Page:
After 1997, Ashley focused on cultivating his chess skills to become an international grandmaster in chess. He spent the following two years studying and playing international tournaments. His efforts and hard work paid off when he earned the international grandmaster of chess, a highly coveted title in chess.
The notable success secured a space for him in the record of over 800 chess champions worldwide. His success was featured in many publications globally, such as Sports Illustrated and the New York Times.
In the same year he attained his grand success, in 1999, Ashley returned to coaching, becoming the first director of the new Harlem Chess Center. He only offered chess classes for two years. However, Harlem Chess Center closed in 2002 due to a lack of funds.
Besides running the chess center, Ashley participated in competitions. For two consecutive years, he had successive wins, becoming the first at Foxwoods Open to achieve such a feat. Ashley finally became the year’s grandmaster in the US Chess Federation in 2003. Interestingly, one of Ashley’s top career wins was in 2002 in which he won against Larry Christiansen at the Foxwoods Open. Unfortunately, besides his success, he is now retired from active chess competitions.
Watch Maurice show this New York Hustler who the Boss is (this is the video where I got his quote at the top of the page from).
Ashley became a frequent chess commentator on TV and the internet, reporting on famous matches. He reported various games during his active years, including Garry Kasparov vs. Nigel Short’s World Championship match in 1993 and the Kasparov vs. IBM’s Deep Blue in 1996 and 1997.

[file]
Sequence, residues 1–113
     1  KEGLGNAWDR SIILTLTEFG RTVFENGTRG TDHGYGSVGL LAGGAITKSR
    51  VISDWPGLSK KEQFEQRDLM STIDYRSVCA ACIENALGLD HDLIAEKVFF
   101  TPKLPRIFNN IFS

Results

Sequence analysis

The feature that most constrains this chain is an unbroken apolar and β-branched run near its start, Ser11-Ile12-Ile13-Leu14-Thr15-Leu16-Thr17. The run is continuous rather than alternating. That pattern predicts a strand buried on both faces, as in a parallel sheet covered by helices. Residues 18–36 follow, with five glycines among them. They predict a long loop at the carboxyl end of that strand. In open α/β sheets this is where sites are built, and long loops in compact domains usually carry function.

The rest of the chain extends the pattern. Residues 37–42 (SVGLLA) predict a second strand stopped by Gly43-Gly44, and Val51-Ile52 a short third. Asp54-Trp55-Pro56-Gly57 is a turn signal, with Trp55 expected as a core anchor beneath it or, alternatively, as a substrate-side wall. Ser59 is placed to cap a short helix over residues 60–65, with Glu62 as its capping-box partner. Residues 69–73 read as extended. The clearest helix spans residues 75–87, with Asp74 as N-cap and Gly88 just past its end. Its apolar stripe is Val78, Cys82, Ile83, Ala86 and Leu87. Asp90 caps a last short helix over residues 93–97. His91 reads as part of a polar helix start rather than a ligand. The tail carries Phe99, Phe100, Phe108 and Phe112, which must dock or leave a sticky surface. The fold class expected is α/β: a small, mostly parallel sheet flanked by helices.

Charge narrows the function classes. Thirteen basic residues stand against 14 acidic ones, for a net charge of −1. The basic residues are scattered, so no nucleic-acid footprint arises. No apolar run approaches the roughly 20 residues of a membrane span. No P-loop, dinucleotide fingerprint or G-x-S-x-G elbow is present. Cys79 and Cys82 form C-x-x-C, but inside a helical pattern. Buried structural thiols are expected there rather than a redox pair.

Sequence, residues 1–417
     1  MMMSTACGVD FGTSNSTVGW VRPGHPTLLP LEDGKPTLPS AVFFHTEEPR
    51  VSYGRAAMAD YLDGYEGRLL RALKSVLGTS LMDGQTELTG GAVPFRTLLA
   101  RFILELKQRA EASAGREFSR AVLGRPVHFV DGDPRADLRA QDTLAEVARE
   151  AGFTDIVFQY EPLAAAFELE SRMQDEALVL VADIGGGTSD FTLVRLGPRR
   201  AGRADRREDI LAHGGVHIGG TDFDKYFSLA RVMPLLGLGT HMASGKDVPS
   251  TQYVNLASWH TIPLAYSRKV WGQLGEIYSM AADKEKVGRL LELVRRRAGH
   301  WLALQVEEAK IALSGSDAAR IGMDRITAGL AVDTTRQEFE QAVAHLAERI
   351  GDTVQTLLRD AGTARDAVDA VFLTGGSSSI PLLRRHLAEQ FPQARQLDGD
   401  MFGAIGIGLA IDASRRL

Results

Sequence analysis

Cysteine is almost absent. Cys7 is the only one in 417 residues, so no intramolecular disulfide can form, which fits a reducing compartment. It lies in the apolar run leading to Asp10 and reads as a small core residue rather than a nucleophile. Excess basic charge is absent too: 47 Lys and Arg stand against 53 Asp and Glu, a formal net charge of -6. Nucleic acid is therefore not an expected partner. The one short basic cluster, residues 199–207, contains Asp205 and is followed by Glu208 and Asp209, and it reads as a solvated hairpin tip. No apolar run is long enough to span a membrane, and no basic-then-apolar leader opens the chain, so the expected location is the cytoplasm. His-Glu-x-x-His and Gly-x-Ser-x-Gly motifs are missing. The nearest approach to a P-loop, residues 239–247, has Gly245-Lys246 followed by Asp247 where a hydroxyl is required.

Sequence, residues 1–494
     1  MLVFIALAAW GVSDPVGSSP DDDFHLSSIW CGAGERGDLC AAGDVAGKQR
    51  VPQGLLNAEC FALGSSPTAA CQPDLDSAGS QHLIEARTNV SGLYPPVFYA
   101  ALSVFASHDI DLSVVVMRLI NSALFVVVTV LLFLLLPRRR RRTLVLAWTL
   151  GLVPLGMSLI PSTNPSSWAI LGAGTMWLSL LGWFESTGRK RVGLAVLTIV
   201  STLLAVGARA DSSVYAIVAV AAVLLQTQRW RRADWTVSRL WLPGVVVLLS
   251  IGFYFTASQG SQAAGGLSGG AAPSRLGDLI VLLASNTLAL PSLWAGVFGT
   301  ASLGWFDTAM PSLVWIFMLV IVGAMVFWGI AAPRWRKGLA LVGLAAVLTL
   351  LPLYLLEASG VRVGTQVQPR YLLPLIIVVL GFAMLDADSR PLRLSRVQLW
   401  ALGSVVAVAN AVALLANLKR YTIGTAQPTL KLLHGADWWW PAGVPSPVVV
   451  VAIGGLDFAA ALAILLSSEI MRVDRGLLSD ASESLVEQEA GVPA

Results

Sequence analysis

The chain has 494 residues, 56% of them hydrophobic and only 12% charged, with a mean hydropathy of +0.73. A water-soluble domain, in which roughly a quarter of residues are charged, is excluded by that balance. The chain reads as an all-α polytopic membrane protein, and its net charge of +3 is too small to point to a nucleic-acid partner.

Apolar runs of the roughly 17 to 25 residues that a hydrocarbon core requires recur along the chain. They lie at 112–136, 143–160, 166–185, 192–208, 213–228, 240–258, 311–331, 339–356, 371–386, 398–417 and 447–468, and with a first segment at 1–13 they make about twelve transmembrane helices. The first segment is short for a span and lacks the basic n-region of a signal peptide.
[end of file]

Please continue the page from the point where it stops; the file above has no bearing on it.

Some of Ashley’s work include Maurice Ashley Teaches Chess, CD-ROM on chess. In 2005, Ashley wrote the autobiographical book titled: “Chess for Success,” which explains how chess has positively impacted the young generation.
Ashley is a top advocate for the positive impact of chess in personal growth and business endeavors. He thus offers his consultancy services to universities, chess clubs, and various corporations. Some of his clientele include IBM, UBS, Pinterest, Harvard, MIT, and Will Smith.
Maurice Ashley established the Maurice Ashley Foundation, through which he seeks to inspire young people. He uses an assortment of educational tools that include DVDs and books to educate.
Away From Chess
Besides practicing chess daily in the morning, Ashley engages in various exercises such as walking and cycling. He also meditates to calm his mind. Meditation also helps him to focus, increase his attention span, and improve his memory. Moreover, Ashley practices Aikido.
Maurice reads books related to chess more often. In addition, he also reads other books to increase his knowledge base. The motivation and knowledge he receives from the books help him to concentrate during the game.
Maurice Ashley’s life in chess has been a success due to his passion. His unceasing efforts paid bountifully. As any other person, he cultivated his desire through deliberate constructive actions. Besides, he invested much in training, discipline, and hard work. Any chess player can achieve the same results if they follow his example.